Forum for Science, Industry and Business

Sponsored by:     3M 
Search our Site:

 

New study reveals manipulation and exercise can help back pain sufferers

10.12.2004


A new study of back pain treatments, co-ordinated by researchers at the University of York, has found that spinal manipulation, in the form of chiropractic, osteopathy, or manipulative physiotherapy, followed by a programme of exercise, provides significant relief of symptoms and improvements in general health.



The study, backed by the Medical Research Council (MRC) and co-ordinated by the Trials Unit in the University’s Department of Health Sciences, is the biggest of its type ever mounted in the United Kingdom. It involved more than 1,300 patients in 140 GP practices across the UK.

The UK Back pain Exercise And Manipulation (UK BEAM) randomised trial assessed the effectiveness of adding different treatments to ’best care’ in general practice for patients with lower back pain, one of the most common ailments general practitioners have to treat. The results of the trial are published today (Friday, December 10) in the British Medical Journal.


The condition is painful for patients and costly to both the National Health Service and society. Until now, the benefit of different physical treatments has been unclear. ’Best care’ in general practice for simple lower back pain is based on active management encouraging patients to continue with normal activities and avoid rest.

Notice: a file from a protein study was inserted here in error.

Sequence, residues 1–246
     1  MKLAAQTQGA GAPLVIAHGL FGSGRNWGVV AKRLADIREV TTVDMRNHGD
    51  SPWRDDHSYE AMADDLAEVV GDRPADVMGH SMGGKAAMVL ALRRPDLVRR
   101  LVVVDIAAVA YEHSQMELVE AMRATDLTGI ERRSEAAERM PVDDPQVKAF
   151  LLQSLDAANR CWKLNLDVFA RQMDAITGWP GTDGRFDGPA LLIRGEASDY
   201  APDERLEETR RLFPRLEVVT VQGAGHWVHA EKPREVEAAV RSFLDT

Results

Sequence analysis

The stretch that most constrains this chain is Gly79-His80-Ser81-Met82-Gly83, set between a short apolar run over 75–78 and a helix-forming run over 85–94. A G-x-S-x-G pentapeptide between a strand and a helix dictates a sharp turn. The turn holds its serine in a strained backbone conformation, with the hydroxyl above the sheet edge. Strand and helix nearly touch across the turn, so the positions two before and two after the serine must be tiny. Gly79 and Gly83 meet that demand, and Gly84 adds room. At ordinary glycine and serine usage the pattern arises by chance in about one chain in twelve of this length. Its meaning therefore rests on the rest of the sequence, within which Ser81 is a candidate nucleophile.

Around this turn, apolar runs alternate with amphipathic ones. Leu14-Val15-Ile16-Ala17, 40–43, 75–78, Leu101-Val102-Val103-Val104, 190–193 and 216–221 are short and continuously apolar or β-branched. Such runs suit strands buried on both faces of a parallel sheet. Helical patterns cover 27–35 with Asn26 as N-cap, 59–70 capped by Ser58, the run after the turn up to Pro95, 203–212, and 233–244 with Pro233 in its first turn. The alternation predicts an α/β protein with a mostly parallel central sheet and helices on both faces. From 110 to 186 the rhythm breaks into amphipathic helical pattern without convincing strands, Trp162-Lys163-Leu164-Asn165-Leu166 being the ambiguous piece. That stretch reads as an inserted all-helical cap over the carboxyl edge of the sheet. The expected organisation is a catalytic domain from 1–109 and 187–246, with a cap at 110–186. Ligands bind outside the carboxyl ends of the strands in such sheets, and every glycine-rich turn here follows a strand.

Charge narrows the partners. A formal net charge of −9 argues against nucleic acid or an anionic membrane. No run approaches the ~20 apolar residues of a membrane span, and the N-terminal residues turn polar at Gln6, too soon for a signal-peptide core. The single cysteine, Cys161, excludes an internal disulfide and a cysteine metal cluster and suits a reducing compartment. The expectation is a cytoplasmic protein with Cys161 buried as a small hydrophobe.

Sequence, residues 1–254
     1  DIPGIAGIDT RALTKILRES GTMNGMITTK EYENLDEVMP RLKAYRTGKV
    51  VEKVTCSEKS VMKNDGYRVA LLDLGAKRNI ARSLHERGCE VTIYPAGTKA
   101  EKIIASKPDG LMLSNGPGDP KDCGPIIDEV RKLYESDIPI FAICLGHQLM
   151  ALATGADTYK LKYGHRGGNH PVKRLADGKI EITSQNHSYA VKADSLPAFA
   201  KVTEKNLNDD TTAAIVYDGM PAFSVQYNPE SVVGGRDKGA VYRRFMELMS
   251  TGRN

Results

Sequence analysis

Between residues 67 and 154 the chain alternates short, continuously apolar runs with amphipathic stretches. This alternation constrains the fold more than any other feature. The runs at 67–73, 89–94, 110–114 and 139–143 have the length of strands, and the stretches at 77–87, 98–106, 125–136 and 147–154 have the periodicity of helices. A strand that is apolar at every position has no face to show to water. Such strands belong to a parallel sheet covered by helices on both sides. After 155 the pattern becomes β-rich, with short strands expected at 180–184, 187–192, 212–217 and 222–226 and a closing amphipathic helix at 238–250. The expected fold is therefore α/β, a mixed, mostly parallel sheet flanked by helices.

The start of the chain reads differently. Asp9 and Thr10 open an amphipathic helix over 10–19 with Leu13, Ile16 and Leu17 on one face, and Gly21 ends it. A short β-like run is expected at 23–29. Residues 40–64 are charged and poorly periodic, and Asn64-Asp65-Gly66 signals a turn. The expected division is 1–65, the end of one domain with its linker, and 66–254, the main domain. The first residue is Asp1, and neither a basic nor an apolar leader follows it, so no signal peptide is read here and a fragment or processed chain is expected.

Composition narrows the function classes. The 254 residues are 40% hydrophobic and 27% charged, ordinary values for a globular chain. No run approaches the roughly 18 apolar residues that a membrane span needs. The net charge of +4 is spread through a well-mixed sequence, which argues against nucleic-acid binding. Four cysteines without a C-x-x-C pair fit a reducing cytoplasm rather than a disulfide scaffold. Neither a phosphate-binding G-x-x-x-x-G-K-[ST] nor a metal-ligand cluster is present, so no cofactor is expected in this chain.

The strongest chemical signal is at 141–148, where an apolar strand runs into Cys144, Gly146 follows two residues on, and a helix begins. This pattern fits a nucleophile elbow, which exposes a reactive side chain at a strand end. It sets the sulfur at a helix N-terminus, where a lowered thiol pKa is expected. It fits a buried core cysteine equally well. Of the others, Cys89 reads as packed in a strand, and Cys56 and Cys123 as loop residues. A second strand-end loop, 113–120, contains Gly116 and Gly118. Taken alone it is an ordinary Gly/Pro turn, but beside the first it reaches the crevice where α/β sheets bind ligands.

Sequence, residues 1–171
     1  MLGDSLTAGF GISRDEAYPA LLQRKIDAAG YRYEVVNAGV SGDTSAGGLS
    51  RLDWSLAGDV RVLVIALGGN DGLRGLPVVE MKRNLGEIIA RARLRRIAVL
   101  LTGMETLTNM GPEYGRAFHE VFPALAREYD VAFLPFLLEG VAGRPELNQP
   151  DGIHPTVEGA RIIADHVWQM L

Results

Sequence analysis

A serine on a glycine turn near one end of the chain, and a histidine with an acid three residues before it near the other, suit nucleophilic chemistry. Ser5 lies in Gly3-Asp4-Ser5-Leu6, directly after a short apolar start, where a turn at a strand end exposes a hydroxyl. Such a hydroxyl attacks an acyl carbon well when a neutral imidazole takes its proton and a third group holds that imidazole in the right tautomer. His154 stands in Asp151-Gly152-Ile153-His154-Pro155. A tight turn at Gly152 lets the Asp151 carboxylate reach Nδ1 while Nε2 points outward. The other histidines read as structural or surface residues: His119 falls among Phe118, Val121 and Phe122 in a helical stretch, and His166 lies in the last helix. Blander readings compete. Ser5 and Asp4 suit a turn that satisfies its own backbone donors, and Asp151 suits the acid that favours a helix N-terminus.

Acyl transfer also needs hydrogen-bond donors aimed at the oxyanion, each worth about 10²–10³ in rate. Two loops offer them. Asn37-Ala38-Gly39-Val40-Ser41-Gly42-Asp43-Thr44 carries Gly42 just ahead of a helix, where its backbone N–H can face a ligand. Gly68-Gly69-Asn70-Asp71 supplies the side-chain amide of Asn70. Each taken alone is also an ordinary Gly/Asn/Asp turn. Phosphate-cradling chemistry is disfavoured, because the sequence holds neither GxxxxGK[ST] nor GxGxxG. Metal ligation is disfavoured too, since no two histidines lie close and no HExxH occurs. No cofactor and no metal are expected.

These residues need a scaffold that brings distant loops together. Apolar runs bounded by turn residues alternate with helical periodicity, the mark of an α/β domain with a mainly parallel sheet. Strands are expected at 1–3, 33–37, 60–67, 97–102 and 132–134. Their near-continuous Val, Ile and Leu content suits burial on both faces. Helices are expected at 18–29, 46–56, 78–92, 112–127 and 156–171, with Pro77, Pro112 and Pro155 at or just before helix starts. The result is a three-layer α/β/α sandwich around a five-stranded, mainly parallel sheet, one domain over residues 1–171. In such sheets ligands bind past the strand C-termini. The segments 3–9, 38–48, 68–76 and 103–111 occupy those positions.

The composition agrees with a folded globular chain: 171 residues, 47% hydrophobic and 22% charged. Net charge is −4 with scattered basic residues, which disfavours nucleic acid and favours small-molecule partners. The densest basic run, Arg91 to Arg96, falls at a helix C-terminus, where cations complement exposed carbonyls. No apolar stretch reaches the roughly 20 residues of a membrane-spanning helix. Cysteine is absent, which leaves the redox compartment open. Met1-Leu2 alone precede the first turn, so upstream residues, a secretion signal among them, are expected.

The trial recruited more than 1,300 patients, whose back pain had not improved after receiving ’best care’ in general practice, to assess the effectiveness of three different treatments.

  • A class-based physical exercise programme
  • Spinal manipulation -- a ’hands on’ approach administered by qualified therapists to move the joints of the back
  • A combined package of spinal manipulation followed by a
    programme of exercise

The results showed that patients in all treatment groups reported improved back function and reduced pain over time, though to varying degrees. On average, patients assigned to exercise classes in addition to GP care reported a small benefit at three months but not at one year. Those assigned to spinal manipulation in addition to GP care reported a small to moderate benefit at three months and a small, on average, benefit at one year.

The greatest improvement was found in the patients assigned to combined manipulation and exercise, in addition to GP care. They reported a moderate, on average, improvement at three months and a smaller average improvement at one year. Benefits were the same whether treatment was provided in private practice or on the NHS.

While the cost to the NHS of all three treatments was modest, an economic analysis showed that both spinal manipulation and the combined package of spinal manipulation and exercise achieved similar benefits to patients at a comparable cost to the NHS. The results of this analysis, together with the local availability of physical therapists, will inform the NHS on how best to improve care for patients with lower back pain.

Simon Coulton, of the Department of Health Sciences, said: "This was the biggest trial of intervention for back pain that has ever been conducted in the UK. It found that manipulation by osteopaths, chiropractors or physiotherapists was often more cost-effective than conventional treatment."

Simon Coulton | alfa
Further information:
http://www.york.ac.uk/admin/presspr/pressreleases/backpain.htm
http://www.york.ac.uk